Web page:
Accountants prepare product costs to serve two purposes: Decision making by managers, and external reporting. Decision making product costs approximate the marginal costs economists discuss, i.e., the unit costs includes the amount that total company costs increase when an additional unit is produced.
Product costs for external reporting in contrast include a portion of company costs that do not vary with units produced. These product costs include material costs, labor costs, and overhead costs.
In many manufacturing companies labor costs remain constant over wide ranges of output, so managers can consider labor a fixed cost for many short-term output decisions. In addition, most overhead costs change only when managers decide to restructure the company, so these costs do not change as output fluctuates from day to day. The only costs that definitely does go up and down with production is the material cost.
If a company has a reliable bill of materials , the accountant can simply take the total material cost from it as an estimate of product cost. The following example illustrates a bill of materials for a paint sprayer. As this example shows, the bill of materials lists all the materials and purchased components that make up the product, their quantities, and the unit cost for each one. The summation of the material cost for each piece gives the total material cost for the finished product. Accountants usually refer to this cost as the unit variable cost.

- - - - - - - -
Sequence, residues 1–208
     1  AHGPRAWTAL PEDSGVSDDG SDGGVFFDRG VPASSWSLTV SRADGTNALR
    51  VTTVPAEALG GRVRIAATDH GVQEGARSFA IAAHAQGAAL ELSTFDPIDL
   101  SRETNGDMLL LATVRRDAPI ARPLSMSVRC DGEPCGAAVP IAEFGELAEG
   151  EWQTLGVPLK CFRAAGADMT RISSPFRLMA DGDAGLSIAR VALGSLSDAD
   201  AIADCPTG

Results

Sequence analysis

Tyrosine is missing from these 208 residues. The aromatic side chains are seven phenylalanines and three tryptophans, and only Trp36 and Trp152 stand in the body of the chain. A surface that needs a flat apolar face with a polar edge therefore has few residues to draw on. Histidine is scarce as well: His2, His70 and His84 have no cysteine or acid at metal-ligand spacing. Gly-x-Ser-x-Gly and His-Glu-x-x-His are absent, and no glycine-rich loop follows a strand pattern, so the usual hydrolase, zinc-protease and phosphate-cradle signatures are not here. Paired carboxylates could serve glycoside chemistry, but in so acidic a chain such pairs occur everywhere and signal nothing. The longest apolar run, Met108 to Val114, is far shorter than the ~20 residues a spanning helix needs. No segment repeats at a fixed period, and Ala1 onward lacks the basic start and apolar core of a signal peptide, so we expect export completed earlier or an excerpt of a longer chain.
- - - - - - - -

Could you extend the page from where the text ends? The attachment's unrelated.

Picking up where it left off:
The accountant will estimate the unit production cost for the paint sprayer at $310 because this equals the materials cost for the product.
Bill of Materials for a Paint Sprayer
Description Quantity Unit Cost Extended
Piston connection assy.
Check valve assembly
Intake valve assembly
Output valve assembly
Total material cost $310.00
To estimate the increase in company cost from producing another 100 paint sprayers, the accountant merely multiplies the unit cost of $310 by the 100 units to arrive at a total cost increase of $31,000. If the accountant or manager expects any of the materials costs to change because of this order, he or she can just incorporate the new materials cost into the bill of materials to compute a new unit cost.
Many cases you will study in your MBA program will present you with product costs that have been developed for external reporting. These costs do not approximate marginal costs, so you have to modify the product costs to arrive at the values you need. First, consider how an accountant develops the unit cost used for external reporting.
Assume an accountant wants to develop a unit cost for external reporting for the paint sprayer illustrated above. First, the accountant must estimate the amount of labor cost for the product. A product routing shows every step a product goes through in the manufacturing process, and these routings usually include labor times for each step. So the accountant can use these labor times from the routing to estimate the labor time required to make the product.
Assume in this case the total labor time equals 10 hours to make the paint sprayer. Next the accountant reviews payroll records to estimate the labor cost per hour and finds workers usually make $12 per hour; in addition, the company pays a variety of fringe benefits that amount to 30% of the hourly wage. Total company cost for an hour of labor, then, equals $15.60 ($12 + (30% x $12). The total labor cost for a paint sprayer for external reporting then equals $156 (10 hours x $15.60).
Overhead cost consists of numerous types of expenses ranging from depreciation and taxes to various kinds of supplies. Because it is such a miscellaneous collection of costs, accountants spread this total lump of costs across products made to assign a portion of overhead costs to each unit produced.